Known array coils also allow imaging of a large field-of-view (FOV) while maintaining the SNR characteristic of a small and conformal coil. For example, a four-element “C-shaped” adjustable volume array coil is known and that improves the SNR for volume imaging. The mechanical housing of the “C-shaped” volume array coil is divided into two parts: anterior and posterior. Electrically, the “C-shaped” volume array coil consists of four loop coils: three loop coils in the anterior housing and one loop coil in the posterior housing. Each loop coil is critically coupled to its adjacent coil or coils to minimize the inductive coupling between the two adjacent coils and hence to reduce the noise correlation caused by the “cross-talk” between them. However, the four-element “C-shaped” volume array coil cannot provide uniform coverage over the entire axial direction of the torso (i.e., the cross-section of the torso) because it covers only about one half (i.e., the body portion inside the “c-shaped” coil) of the area of the torso cross-section.

It is also known that the direction of the magnetic field generated by a butterfly coil (or saddle coil) can be perpendicular to that generated by a loop coil. Thus, by using a pair of butterfly and loop coils, quadrature detection of a magnetic resonant signal can be achieved. Coil quadrature RF coil systems using this arrangement, including quadrature RF coil systems for neck/c-spine imaging and peripheral vascular imaging are known. The neck/c-spine RF coils typically include two quadrature coil pairs that are placed on the anterior and posterior of the imaging volume (e.g., the neck), respectively. Each of the quadrature coil pairs is formed by a loop coil and a split loop coil and is symmetric about the middle line of the coil. In known peripheral vascular RF coils, three butterfly-loop quadrature pairs are provided. Each of the butterfly-loop quadrature pair includes a large butterfly coil and smaller loop coil positioned at the middle of the butterfly coil. The loop coils are placed under the patient and the flexible wings of the butterfly coils are wrapped around the patient. Because the flexible RF coil system is wrapped around the patient, its filling factor is optimized (i.e., close to unity).

However, the quadrature neck/c-spine coil cannot perform effective SENSE imaging for the entire volume-of-interest (VOI), but only for the middle of the VOI. Further, each of the coil elements of this neck/c-spine coil has left-right symmetry (i.e., symmetric about the middle line of the coil) and also cover more than one-half of the VOI such that the distinctiveness of the complex sensitivity of the coil elements is not sufficient (except for the middle of the VOI) to perform SENSE imaging, particularly in the left-right direction. The peripheral vascular flexible RF coil system provides a much higher signal at the posterior region of the torso than that at the anterior region because the main coil section (i.e., the loop coil and about one half the butterfly coil) is under the patient and only the wings of the large butterfly coil are wrapped around the patient to cover the anterior region. Thus, the signal homogeneity of this flexible coil system in the axial direction is not acceptable for body imaging. Therefore, use of the flexible coil system is limited, for example, used as a vascular coil. In addition, the coil elements of this flexible coil system also only have left-right symmetry and do not distribute in the anterior-posterior direction. Thus, the flexible coil system cannot be used to perform SENSE imaging in both the left-right and anterior-posterior directions.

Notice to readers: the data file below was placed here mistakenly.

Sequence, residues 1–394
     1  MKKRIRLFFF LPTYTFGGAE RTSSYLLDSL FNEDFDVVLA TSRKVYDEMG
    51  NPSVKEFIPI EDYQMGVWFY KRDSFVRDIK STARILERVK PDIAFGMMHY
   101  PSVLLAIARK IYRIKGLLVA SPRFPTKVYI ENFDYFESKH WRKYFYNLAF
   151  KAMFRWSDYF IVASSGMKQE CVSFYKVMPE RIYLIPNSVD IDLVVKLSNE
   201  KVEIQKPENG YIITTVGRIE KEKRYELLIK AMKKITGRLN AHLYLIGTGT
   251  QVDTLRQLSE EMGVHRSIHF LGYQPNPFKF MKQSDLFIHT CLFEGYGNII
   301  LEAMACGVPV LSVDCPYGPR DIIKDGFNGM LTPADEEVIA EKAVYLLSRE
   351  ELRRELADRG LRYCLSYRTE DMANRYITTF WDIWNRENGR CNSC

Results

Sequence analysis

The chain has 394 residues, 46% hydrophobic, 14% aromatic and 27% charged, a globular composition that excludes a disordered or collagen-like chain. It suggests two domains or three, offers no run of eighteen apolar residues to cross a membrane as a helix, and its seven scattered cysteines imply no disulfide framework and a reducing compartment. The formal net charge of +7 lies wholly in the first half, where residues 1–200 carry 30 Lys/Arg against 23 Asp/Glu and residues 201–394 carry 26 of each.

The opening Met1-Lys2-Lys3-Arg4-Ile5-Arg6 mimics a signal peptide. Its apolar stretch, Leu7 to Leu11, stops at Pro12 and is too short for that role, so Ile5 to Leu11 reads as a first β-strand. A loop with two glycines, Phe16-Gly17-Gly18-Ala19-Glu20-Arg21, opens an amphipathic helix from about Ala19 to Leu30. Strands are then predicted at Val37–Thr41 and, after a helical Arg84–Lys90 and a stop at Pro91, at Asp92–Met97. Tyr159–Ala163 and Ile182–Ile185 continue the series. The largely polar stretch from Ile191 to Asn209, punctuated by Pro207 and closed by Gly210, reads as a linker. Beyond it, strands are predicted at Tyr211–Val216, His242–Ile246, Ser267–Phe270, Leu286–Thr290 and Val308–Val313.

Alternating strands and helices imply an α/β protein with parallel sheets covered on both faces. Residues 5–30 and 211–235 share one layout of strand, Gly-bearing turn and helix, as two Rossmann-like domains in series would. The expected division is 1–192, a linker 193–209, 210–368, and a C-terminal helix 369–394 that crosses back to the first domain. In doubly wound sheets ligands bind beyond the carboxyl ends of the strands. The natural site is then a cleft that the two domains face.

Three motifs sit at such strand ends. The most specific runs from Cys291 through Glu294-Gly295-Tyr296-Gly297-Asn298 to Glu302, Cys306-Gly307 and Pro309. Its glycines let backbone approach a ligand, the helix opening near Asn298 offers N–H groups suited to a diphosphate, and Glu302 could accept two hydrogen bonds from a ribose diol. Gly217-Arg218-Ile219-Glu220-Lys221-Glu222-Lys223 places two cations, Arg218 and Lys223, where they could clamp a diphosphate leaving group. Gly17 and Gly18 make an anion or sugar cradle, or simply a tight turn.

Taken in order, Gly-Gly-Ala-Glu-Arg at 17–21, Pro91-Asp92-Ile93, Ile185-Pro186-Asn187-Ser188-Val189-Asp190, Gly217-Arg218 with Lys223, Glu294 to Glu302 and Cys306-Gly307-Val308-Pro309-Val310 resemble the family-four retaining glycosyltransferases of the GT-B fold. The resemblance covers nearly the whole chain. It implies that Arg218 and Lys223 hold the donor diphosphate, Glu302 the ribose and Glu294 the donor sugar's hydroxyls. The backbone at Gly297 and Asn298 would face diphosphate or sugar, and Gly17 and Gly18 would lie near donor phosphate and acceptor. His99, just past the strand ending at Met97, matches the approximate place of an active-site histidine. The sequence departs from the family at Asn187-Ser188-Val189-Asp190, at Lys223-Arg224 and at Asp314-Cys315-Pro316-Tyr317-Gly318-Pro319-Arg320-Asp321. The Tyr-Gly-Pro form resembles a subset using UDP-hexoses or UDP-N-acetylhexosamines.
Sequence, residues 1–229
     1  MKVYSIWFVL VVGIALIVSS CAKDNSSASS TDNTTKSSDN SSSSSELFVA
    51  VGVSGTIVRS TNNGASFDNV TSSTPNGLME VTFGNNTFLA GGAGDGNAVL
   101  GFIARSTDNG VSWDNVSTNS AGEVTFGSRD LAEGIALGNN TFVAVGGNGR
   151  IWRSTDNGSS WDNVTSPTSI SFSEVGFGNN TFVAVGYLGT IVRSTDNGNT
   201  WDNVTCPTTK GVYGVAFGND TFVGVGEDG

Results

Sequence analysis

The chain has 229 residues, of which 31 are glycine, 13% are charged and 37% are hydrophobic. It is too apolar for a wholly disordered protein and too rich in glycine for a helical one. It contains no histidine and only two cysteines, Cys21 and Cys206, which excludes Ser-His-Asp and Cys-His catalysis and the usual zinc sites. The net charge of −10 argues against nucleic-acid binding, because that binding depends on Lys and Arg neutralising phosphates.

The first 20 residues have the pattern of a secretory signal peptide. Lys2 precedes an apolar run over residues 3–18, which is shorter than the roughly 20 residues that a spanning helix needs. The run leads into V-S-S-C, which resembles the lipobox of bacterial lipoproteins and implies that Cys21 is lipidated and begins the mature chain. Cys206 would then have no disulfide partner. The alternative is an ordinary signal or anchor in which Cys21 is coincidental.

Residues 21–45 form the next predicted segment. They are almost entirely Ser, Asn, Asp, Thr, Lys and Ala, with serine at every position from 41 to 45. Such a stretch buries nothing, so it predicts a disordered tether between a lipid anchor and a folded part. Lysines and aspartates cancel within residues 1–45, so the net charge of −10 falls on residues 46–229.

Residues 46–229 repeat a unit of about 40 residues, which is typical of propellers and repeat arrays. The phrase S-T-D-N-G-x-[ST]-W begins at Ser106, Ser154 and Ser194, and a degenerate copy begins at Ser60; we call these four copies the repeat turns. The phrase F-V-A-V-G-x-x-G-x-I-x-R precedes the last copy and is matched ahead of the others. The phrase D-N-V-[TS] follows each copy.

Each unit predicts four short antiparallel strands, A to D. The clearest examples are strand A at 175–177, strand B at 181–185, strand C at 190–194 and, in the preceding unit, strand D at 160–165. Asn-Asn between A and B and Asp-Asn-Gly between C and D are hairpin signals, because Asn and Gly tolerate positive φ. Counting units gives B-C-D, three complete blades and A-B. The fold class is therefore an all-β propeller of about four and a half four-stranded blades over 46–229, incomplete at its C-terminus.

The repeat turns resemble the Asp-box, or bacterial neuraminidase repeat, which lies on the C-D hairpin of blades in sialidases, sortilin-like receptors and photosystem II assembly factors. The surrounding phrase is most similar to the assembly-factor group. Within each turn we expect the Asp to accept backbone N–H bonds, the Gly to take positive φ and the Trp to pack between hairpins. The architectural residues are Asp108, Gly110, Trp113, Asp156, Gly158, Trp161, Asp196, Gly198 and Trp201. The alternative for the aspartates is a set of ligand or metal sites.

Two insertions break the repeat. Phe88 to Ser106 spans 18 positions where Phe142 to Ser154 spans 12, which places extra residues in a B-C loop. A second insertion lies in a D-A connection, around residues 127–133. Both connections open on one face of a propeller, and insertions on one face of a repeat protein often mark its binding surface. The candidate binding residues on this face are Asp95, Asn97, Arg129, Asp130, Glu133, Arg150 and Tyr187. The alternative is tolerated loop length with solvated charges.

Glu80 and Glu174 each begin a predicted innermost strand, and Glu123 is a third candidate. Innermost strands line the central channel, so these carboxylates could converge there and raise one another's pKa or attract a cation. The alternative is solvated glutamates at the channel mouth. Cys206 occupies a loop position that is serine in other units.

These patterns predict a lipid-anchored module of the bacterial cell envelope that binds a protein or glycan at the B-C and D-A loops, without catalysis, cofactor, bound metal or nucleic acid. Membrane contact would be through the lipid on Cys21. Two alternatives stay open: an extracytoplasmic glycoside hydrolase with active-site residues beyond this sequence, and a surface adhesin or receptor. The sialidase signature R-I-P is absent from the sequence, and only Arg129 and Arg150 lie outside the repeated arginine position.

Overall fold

Further, these know coil arrangements (e.g., four-element ‘C-shaped’ coil, neck/c-spine coil, and peripheral vascular coil) are not dedicated SENSE coils. When used for SENSE imaging, these coils will generate higher geometrical noise (i.e., higher g-factor). Some known RF array coils are optimized for SENSE imaging of the torso and cardiac. For example, a known body coil includes four elliptic shaped loop elements: two on the flexible top and the other two at the bottom. There is no overlap between the adjacent coil elements. The “cross-talk” among the coil elements is minimized by using high input impedance preamplifiers. A known cardiac coil includes four rectangular coil elements, two on the top and the other two at the bottom, and two circular coil elements placed at the left and right, respectively. The two circular lateral coils are also tilted, for example, by 10°, for optimizing performance of SENSE imaging. High input impedance preamplifiers are used to reduce the inductive coupling among the coil elements having no overlap between adjacent coil elements. These optimized torso-SENSE and cardiac-SENSE coils, when being used for SENSE imaging, can provide a much lower geometrical noise than do the conventional torso and cardiac array coils.